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LG Admits Its Smart TVs Spy on Users, Promises Fix

By - Source: Tom's Guide US | B 10 comments

UPDATE: Another blogger has examined his LG Smart TV and found that the device was uploading file names not just from attached external storage devices, but from all files shared across his home network.

LG Smart TVs do collect information such as channels watched and the names of locally stored media files, LG Electronics confirmed in an email to Tom's Guide today.

The transmission of this data occurs even if users try to disable the function in their TV's settings — but LG promises to correct this with a firmware update.

According to LG's statement, all LG Smart TVs automatically use owners' home Internet connections to transmit what LG calls "viewing information": the channel or app currently being watched, the time it's being watched and more.

MORE: 13 Security and Privacy Tips for the Truly Paranoid

This transmission occurs even if users have turned off an option called "collection of watching info" in their TV settings. LG uses TV owners' viewing information to sell targeted advertisements that appear on the Smart TV's home screens.

Earlier this week, British blogger and IT professional Jason Huntley, known online as DoctorBeet, documented this behavior on his LG Smart TV by doing a traffic analysis of his home router.

LG's statement confirms that Huntley's findings were accurate.

"We have verified that even when this function is turned off by the viewers, it continues to transmit viewing information, although the data is not retained by the server," an LG representative said in an email.

In other words, LG Smart TVs do gather and transmit your viewing information to LG's servers, no matter what — but if you've tried to turn off "collection of watching info" in your TV's settings, then the company doesn't store the transmitted information, LG said.

That response may do little to ease privacy concerns. However, LG added that it was working on a firmware update "for immediate rollout" that would stop such transmissions altogether if the "collection of watching info" option is disabled.

LG also confirmed Huntley's other allegation: that his LG Smart TV was transmitting the names of his personal media files, such as home videos and pictures stored on USB thumb drives connected to the TV.

The company's representative said that while a collection mechanism for media file names was, indeed, in place, actual collection never occurred. "While the file names are not stored, the transmission of such file names was part of a new feature being readied to search for data from the Internet (metadata) related to the program being watched in order to deliver a better viewing experience," the representative said.

"This feature, however, was never fully implemented, and no personal data was ever collected or retained," the statement added. "This feature will also be removed from affected LG Smart TVs with the firmware update."

LG did not say exactly when the firmware update could be expected.

Email jscharr@techmedianetwork.com or follow her @JillScharr and Google+.  Follow us @TomsGuide, on Facebook and on Google+.

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  • 2 Hide
    pbrigido , November 21, 2013 1:00 PM
    I enjoy watching TV. I don't enjoy when my TV watches me.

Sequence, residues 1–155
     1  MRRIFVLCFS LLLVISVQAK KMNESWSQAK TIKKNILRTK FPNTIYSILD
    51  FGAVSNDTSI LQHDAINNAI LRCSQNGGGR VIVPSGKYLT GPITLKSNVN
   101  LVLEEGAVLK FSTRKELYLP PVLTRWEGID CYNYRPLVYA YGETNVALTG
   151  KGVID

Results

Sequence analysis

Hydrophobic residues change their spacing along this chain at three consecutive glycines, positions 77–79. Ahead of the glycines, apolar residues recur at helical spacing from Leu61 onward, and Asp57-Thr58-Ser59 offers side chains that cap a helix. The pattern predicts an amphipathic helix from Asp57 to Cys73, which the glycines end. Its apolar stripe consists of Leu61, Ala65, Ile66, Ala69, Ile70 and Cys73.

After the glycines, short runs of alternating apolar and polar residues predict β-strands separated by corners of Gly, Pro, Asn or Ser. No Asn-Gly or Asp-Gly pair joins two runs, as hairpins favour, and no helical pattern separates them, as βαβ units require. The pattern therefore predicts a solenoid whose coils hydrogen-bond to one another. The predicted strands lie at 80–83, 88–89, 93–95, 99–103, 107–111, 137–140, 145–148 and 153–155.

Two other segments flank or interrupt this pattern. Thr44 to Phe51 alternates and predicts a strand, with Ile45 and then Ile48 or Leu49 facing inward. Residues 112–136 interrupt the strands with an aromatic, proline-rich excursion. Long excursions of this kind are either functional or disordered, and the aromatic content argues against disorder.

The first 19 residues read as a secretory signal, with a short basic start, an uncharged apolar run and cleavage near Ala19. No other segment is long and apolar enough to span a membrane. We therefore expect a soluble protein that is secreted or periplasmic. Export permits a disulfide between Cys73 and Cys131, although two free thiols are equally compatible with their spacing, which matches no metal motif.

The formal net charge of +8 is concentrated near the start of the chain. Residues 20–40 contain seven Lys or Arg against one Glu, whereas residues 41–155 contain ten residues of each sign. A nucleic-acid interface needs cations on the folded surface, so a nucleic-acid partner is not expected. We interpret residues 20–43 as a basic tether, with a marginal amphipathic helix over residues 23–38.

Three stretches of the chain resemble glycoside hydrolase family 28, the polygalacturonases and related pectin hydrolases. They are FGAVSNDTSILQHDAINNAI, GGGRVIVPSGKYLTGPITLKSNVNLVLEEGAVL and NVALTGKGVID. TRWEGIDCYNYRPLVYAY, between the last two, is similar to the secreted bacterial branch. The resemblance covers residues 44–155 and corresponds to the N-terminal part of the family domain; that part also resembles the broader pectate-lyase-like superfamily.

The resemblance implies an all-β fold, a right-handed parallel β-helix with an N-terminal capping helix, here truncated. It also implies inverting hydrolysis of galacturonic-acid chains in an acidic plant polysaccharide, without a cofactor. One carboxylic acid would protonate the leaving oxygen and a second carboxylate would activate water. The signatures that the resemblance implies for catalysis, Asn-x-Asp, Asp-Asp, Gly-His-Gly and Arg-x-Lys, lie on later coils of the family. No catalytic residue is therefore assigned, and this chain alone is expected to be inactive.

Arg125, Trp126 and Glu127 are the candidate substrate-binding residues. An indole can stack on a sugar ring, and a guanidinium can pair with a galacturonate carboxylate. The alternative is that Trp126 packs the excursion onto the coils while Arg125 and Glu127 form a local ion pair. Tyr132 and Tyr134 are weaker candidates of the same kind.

• 2 Hide
    Onus , November 21, 2013 1:07 PM
    The only way I'd consider a LG TV after this is if I put it behind a firewall that only allowed access to a whitelist of content providers. I am not a herd animal to be milked by advertising, "targeted" or otherwise.
  • 2 Hide
    wemakeourfuture , November 21, 2013 1:30 PM
    Disgusting behavior by LG.
    I sense a lawsuit and with good right.
  • Display all 10 comments.
  • 1 Hide
    skit75 , November 21, 2013 1:41 PM
    Spy all you want LG. I only require that you openly disclose in common language what it is you are capturing and I want my hardware at half price since your cost to build the TV is now being subsidized by advertising.
  • 0 Hide
    clonazepam , November 21, 2013 2:04 PM
    That's BS about the metadata excuse. They send filenames to LG's server, then look up metadata for the names on LG's servers, then transmit the metadata back to the user? I call BS on all of that nonsense.

    As they have supposed in the blog, they don't have to store anything on the server, as the log files contain most pertinent information that data miners would be interested in.
  • 0 Hide
    dextermat , November 21, 2013 3:20 PM
    BTW lg has the worse tv's right now! Just saying.
  • -2 Hide
    kathye , November 21, 2013 3:28 PM
    uptil I looked at the draft which was of $8125, I accept ...that...my mother in law woz like they say realey earning money part-time from there new laptop.. there moms best frend had bean doing this for under 6 months and by now paid for the loans on there apartment and bought a great Alfa Romeo. Get More Info........ www.buzz16.com
  • 0 Hide
    vaughn2k , November 21, 2013 4:40 PM
    Wondering why the engineers of LG want to do this? ;) 
  • 0 Hide
    destruya , November 22, 2013 5:23 AM
    The bigger issue is...

    ...if they're doing this on their televisions, what are they doing on their *phones*, especially since LG has one of the most stringent anti-root attitudes of all Android phone makers.
  • 0 Hide
    TeraMedia , November 22, 2013 6:24 AM
    "Oh shoot! They figured out that we're transmitting filenames! What excuse can we come up with for that?"
    "How about that we're looking up *metadata*. Yeah! That's the ticket! We were trying to provide a useful *service* to the users!"

    Anyone want to get in line to be "serviced"?
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